• I don’t think (at least, this is my perspective) the surprise is that there isn’t an early St. Niamh/Maeve/etc., but rather than that, after all this time, that there hasn’t yet been a more recent Niamh/Maeve/etc. who’s been canonized. Maybe because those native names weren’t in use as much until more recently?

      Liked by 2 people

      • I agree with Kate, the surprise isn’t the lack of an early saint with these names, but even a later one. I’ve thought this about my daughter’s name (Fiona), as well. (In that case, I know it was coined only about 300 years ago, but it’s just interesting/peculiar to me that there aren’t any.) Of course, with women in particular, many of the canonized saints have been members of religious orders, where changing one’s name upon entry is common. As for the co-opting of mythological deities into Christian saints, I think that this is a common postmodern interpretation, especially of early saints about whom little is known. That said, this belies a fairly fundamental misunderstanding of the purpose and role of saints in Christianity. They are not considered deities or supernatural, despite the modern view of medieval storytelling of saints’ lives. The saints are, and have always been, known to be real flesh and blood people who exemplified the virtues for which every Christian Pilgrim strives.

        Liked by 1 person

    • Your theory about co-opting pre-Christian deities does not make sense given the canonical process… or for that matter, the point of declaring people Saints. I’m not sure where you got your information on saints [in Ireland]?

      Further, Niamh, if used as a title, or considering the definition of the name as “little saint” in a baby naming source, does not mean mythological figures were poached.

      To be sure, there are saints for which their stories cannot be confirmed. However, most saints have tangible evidence of existence, and they have known names. With Ireland’s Catholic history, I suspect many of their saints were encouraged to adopt new (Latin-based) names upon Baptism and so their Irish names were not recorded. Or, their names were Latinized and then eventually Anglicized and now are not really recognizable as an Irish derivative.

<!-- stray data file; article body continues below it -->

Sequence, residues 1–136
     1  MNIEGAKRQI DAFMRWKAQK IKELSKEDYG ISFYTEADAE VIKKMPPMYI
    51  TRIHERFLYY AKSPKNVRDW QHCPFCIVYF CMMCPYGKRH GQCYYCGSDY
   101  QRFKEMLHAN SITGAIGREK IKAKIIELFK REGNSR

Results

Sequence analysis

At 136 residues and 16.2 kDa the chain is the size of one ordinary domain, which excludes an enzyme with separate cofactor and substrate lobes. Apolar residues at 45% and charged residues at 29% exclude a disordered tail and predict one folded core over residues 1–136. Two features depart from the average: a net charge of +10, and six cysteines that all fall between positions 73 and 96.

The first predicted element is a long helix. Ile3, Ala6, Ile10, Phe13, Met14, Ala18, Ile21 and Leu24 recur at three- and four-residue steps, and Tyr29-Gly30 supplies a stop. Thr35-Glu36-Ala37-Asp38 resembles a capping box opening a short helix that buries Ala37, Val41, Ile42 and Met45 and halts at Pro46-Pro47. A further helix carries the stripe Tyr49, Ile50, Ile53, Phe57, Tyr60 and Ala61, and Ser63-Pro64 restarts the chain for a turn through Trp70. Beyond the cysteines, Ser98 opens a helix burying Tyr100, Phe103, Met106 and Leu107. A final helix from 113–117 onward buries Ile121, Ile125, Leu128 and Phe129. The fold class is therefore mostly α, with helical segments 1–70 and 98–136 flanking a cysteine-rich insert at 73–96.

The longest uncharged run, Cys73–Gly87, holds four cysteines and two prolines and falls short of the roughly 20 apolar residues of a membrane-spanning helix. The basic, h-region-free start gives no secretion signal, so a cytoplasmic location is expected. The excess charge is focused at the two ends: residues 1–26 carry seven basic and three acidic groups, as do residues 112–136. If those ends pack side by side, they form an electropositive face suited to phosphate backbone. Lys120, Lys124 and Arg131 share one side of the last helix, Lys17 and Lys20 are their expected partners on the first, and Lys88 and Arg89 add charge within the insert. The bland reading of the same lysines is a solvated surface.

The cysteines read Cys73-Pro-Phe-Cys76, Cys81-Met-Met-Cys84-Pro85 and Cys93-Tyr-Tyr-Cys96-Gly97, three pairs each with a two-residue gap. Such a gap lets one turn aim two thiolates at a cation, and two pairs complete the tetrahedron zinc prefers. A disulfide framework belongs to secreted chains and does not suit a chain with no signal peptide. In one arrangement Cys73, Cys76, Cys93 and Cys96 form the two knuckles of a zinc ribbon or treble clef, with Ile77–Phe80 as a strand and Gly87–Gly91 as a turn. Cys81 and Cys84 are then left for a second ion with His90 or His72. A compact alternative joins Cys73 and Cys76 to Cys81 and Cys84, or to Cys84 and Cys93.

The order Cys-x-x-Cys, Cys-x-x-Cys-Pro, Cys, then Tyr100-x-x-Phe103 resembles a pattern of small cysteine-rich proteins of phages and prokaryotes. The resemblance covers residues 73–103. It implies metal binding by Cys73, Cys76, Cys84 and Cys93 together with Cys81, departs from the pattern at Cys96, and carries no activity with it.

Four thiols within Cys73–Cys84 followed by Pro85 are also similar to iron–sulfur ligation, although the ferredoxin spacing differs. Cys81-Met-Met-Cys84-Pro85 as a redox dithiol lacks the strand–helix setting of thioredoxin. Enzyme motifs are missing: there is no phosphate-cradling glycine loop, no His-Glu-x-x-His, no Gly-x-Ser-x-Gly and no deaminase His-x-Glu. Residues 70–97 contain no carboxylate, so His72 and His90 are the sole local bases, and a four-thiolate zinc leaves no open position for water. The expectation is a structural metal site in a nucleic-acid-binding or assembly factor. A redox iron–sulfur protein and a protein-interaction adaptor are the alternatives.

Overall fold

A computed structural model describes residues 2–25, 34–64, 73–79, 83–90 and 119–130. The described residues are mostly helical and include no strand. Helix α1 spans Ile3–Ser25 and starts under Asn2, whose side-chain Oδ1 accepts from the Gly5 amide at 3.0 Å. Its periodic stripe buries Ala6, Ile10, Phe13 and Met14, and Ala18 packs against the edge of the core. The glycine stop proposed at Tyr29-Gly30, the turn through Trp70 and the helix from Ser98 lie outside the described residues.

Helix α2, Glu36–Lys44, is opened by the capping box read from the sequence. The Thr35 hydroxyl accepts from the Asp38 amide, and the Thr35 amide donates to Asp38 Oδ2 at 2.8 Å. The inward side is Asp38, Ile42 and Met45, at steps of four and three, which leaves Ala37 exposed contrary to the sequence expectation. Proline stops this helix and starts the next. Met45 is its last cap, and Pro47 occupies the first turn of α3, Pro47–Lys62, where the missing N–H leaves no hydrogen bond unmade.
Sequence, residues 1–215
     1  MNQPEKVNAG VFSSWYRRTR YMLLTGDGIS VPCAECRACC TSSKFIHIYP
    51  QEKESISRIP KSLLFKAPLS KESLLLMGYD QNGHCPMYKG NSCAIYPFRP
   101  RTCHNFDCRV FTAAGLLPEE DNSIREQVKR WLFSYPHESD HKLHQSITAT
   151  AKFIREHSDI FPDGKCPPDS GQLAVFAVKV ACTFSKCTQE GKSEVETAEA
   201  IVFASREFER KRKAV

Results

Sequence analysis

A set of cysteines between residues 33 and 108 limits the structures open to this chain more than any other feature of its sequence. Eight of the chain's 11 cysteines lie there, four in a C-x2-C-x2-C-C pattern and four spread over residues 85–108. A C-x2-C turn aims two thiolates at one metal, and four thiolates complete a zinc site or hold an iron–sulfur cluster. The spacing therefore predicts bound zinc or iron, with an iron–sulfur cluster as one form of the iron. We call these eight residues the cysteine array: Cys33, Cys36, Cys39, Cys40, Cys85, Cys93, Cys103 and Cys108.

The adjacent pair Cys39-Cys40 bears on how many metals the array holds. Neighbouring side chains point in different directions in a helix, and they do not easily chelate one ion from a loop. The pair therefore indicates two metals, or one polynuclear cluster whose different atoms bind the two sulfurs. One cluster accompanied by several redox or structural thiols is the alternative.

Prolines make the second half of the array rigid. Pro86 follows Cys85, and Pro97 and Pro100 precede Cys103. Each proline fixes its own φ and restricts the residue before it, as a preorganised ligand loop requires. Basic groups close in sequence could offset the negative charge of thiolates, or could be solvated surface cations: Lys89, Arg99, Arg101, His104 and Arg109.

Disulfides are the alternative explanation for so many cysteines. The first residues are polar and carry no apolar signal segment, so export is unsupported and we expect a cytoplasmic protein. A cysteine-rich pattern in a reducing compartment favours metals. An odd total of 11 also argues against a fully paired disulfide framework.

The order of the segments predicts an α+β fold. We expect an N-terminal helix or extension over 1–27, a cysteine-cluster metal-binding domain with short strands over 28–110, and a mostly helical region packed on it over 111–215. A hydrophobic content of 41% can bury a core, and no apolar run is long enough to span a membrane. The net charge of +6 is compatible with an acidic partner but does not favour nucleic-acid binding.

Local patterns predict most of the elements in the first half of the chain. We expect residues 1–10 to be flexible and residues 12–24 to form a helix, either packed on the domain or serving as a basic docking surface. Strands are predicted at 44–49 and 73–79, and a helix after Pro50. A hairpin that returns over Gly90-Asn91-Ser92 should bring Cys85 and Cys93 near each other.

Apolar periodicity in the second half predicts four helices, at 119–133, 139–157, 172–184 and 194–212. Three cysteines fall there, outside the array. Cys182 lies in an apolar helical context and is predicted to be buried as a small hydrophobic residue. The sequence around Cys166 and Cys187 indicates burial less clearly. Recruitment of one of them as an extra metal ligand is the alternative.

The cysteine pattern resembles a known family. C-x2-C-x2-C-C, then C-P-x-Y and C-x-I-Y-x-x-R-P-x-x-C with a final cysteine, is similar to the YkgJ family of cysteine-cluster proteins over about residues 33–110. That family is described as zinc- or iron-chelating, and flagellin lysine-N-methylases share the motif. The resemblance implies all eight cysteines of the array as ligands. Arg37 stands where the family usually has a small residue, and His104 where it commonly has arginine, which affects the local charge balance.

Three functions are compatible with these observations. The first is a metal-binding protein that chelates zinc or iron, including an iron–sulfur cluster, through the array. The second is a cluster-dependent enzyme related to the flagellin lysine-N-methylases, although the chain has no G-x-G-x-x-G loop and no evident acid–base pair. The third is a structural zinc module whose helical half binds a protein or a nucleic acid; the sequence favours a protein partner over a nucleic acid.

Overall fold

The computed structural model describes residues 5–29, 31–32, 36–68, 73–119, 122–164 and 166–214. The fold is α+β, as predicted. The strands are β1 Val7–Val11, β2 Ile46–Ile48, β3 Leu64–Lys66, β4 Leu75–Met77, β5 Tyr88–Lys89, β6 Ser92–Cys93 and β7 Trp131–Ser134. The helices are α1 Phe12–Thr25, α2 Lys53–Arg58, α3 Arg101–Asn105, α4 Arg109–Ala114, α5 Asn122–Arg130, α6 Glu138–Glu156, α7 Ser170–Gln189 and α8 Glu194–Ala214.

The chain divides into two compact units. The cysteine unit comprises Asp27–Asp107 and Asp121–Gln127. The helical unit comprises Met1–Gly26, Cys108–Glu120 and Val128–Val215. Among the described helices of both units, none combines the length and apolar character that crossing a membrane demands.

Liked by 2 people

  4. We knew a Niamh when my girls were growing up. Her family was from Ireland, so used very traditional Irish names for their children (the son was Ruairí, the Irish spelling of Rory). It’s a lovely name, although I found Niamh hard to pronounce/remember the spelling of, and as a parent I would personally probably get tired of spelling it or tolerate misspellings/mispronunciations. Can you tell I had a very difficult surname for a maiden name, lol? – nancyo

    Liked by 2 people

  5. I’ve known two Niamhs (neither well). One was another student of my cello teacher as a teenager, and one was the younger sister of a cello student I had about 16 or 17 years ago. This one was about 7 or 8 and by her choice was using the spelling “Neeve” at school because no one would pronounce it properly. I also have a close friend with a son named Rhys and he also started using the spelling “Reese” at school due to pronunciation issues. He’s now 14 and I think has gone back to the Rhys spelling, and I’ve long since lost touch with the other family. I do wonder if having a name that’s hard to pronounce might be a headache for the child. That said, my 15-year-old daughter has a less common spelling of a traditional name (it doesn’t change the pronunciation in her case, however), and that has been no problem for us over the years. We just have to quickly specify the spelling. Obviously any parent choosing a name like Niamh will think about this before bestowing it—I doubt anyone could be surprised to learn that most Americans wouldn’t know how to pronounce this!

    Liked by 1 person

Leave a Reply

Fill in your details below or click an icon to log in:

WordPress.com Logo

You are commenting using your WordPress.com account. Log Out / Change )

Twitter picture

You are commenting using your Twitter account. Log Out / Change )

Facebook photo

You are commenting using your Facebook account. Log Out / Change )

Google+ photo

You are commenting using your Google+ account. Log Out / Change )

Connecting to %s